Anonymous's Story


Story submitted, August 2012.


Some background information

  1. So that I can compare responses between countries and across generations, please give me the following background information on when and where you went to school.

    Your nationality:

    - British -

    The country in which you went to school:

    - UK -

    Your age:

    - 57 -

    The year in which you left school:

    - 1972 -

  2. I also need some information on your formal music education (if you had one), so please give details below of any lessons or qualifications in music that you have taken.  You will have chance to expand on these answers later, so brief details are fine at this stage.

    Years of classroom music in school (e.g. aged 5-14):

    - Apr 17 -

    School exams in music (e.g. O Level, GCSE):

    - O Level, A Level-

    Instrumental / vocal lessons (e.g. piano from aged 9 to 15):

    - Piano 7-17; Cello 13-17; Organ 16-17. -

    Instrumental / vocal exams (e.g. Grade 5 trumpet aged 14):

    - Piano age 15 Gr 6 (A level reqt); no exams taken in other instruments. -

    Music at college / university (e.g. music degree at York):

    - MA in Psychology for Musicians at Sheffield 2004-5. -

    Other musical study (give details):

    - LTCL (GMT) 1984; ARCO 2004. -

  3. Please give a brief description of your current involvement in music:

    - Currently working towards an M Mus at Sheffield: my dissertation looks at transferable musical skills and my performance module focuses on the organ music of Théodore Dubois. I do some freelance organ playing / accompaniment for local churches and festivals. -

  4. Please tell me where you heard about this research project:

    - From the author. -

Thank you for those details.  The rest of the questionnaire is more open-ended: there are five prompts about home background, school experiences, influential people, highlights and regrets, and you can use those to tell your story in whatever way makes sense to you.

Please answer in as much detail as you feel able to, focusing on those questions which are most relevant to you, and giving specific memories and examples whenever you can.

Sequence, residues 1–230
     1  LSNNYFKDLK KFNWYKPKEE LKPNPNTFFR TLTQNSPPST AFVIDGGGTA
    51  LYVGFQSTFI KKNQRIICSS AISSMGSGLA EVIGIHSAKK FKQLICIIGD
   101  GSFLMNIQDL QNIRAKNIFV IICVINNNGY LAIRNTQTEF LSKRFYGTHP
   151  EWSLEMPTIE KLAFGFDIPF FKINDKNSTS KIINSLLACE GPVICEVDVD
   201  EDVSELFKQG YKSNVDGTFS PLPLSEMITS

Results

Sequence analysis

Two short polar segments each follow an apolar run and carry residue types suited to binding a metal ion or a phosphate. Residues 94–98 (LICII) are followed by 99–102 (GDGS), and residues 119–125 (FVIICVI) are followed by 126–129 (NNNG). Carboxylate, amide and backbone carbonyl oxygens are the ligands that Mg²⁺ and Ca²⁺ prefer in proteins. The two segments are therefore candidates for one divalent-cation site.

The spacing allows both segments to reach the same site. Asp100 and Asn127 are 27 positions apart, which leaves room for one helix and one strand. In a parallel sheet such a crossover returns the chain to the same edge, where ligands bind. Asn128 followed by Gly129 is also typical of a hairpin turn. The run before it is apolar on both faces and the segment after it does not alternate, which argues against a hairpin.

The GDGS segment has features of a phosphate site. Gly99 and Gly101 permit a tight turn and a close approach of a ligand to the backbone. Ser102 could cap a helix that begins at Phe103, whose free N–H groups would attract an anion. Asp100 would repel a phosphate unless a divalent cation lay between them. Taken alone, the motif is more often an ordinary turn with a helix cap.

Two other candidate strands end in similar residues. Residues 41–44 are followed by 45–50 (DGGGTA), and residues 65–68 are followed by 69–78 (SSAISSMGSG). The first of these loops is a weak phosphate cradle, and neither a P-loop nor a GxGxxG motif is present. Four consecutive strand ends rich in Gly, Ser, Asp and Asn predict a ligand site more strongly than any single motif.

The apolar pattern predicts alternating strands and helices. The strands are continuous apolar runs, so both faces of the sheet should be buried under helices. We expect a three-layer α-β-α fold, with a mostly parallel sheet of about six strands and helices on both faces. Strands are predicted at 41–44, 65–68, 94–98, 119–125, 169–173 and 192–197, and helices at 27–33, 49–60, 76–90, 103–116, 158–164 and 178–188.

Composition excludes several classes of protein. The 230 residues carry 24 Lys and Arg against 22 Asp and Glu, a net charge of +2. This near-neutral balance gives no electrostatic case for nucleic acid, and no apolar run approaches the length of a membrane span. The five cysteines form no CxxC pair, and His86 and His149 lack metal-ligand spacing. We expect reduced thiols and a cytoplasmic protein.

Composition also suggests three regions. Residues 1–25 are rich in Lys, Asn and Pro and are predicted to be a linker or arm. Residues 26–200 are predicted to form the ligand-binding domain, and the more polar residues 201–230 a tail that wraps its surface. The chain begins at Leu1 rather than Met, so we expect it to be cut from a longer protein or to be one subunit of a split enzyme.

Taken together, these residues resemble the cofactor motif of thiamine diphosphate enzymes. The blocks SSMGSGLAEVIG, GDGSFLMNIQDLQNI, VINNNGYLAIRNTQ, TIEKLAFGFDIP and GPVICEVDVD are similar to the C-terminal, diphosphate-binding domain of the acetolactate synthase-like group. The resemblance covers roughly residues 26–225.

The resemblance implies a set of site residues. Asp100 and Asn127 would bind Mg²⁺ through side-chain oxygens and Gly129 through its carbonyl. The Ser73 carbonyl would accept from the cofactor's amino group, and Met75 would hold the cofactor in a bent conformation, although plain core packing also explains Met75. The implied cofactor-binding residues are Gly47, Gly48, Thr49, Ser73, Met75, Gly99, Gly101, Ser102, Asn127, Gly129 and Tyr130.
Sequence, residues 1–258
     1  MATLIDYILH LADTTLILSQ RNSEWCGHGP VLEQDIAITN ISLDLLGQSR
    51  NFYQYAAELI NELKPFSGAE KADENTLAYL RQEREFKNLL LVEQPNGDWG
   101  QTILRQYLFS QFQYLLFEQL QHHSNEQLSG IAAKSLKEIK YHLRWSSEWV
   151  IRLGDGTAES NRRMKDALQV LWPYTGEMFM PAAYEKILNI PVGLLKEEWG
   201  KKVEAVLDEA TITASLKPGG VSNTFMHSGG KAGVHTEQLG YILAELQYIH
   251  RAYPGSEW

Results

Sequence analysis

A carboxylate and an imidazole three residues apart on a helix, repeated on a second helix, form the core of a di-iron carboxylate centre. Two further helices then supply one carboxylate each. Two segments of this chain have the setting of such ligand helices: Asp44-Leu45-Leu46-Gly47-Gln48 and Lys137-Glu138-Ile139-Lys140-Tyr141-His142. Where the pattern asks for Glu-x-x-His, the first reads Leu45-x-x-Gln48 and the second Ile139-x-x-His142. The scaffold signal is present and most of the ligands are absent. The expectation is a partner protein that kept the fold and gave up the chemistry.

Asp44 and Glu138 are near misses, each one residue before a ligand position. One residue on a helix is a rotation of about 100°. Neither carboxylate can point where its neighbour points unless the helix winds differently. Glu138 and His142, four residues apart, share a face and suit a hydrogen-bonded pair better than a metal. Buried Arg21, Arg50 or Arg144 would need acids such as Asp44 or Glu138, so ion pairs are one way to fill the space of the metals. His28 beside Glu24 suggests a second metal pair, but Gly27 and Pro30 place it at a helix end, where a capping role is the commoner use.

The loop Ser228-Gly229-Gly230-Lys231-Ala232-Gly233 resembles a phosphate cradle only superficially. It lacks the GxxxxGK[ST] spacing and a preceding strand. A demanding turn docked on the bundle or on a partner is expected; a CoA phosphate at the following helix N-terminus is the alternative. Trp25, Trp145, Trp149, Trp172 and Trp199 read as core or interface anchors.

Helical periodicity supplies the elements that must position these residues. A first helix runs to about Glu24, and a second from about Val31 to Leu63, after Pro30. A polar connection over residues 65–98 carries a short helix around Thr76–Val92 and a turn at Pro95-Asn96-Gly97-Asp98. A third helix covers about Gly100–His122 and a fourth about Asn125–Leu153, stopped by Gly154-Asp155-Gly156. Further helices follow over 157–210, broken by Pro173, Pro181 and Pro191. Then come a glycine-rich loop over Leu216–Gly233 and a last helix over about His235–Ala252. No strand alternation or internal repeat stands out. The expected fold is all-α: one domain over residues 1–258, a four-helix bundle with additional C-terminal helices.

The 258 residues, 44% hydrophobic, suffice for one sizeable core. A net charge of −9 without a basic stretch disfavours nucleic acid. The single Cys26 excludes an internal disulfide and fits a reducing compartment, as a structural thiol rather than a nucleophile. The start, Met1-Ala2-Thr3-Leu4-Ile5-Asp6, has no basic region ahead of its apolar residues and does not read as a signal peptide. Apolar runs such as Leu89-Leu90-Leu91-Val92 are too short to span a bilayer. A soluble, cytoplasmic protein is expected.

Life history prompts

  1. What kind of music was going on in your home as a child? How influential do you think this was in your development?

    - My mother played the piano and this would feature in our childhood games - e.g: playing for Musical Bumps etc at parties and (a particular memory)Ketelby's 'In a Persian Market' for dressing up and acting out with my two sisters. -

    - My father was an Anglican cleric and so we were exposed to church music from the start. I joined the church choir at 7 or 8 and continued singing through junior school and secondary school choirs. -

    - Equally inflential was the stack of sheet music in the piano stool featuring 'songs from the shows' - Jerome Kern, George Gershwin, Irving Berlin, Ivor Novello, Noel Coward and the like - and some light operetta, including Gilbert & Sullivan. Together with the diet of Bing Crosby/Bob Hope and Fred Astaire films on television, these contributed in no small measure to my enthusiasm for musical theatre in its many forms. -

    - All three children were sent for piano lessons; my elder sister took up the oboe and my younger sister the flute, so there were occasions on which we played together as a trio, but more often it was piano duets with my elder sister - Brahms Hungarian Dances and Schubert Marche Militaire stick in the memory. -

    - My mother's father used to sing around the house, snatches from popular songs from variety and music hall. So in all I was exposed more to light music as something to be performed and enjoyed together, rather than listening to performances of classical repertoire. -

    - Later I worked with my mother on various pastiches of G&S for 'parish entertainments' (before the Two Ronnies made it a stock part of their show); this probably provided the impetus for my writing (in late teens, early twenties) musicals satirising village life, as well as cabaret material. -

  2. What are your memories of school music? (These might include people, activities, opportunities…)

    - My main memory of nursery school was 'Music and Movement', where we would be encouraged by a mysterious radio voice to stretch and sway, imitate plants opening, fish swimming, etc to appropriate musical accompaniment. At junior school I learnt the recorder and sang in the choir (which gave me my first big musical experience: we went to sing at the Petersfield Festival and we were accompanied by an orchestra. This had a huge impact on me, particularly the sound of the cellos.) My memories of class music are less clear, but certainly contained a substantial diet of folk songs. We also were taught country dancing, which turned out to be invaluable when barn-dances and ceilidhs were a staple ingredient of teenage social life! -

    - I went to an independent grammar school for boys, which also provided the cathedral choir, but was unable to join that as I lived too far away and my father felt I should sing in the local church choir. Nonetheless a few of us supplemented their ranks for particular events, first as trebles and then later as tenors and basses, but we did not get the training or the exposure to the repertoire one would have gained in the cathedral choir. -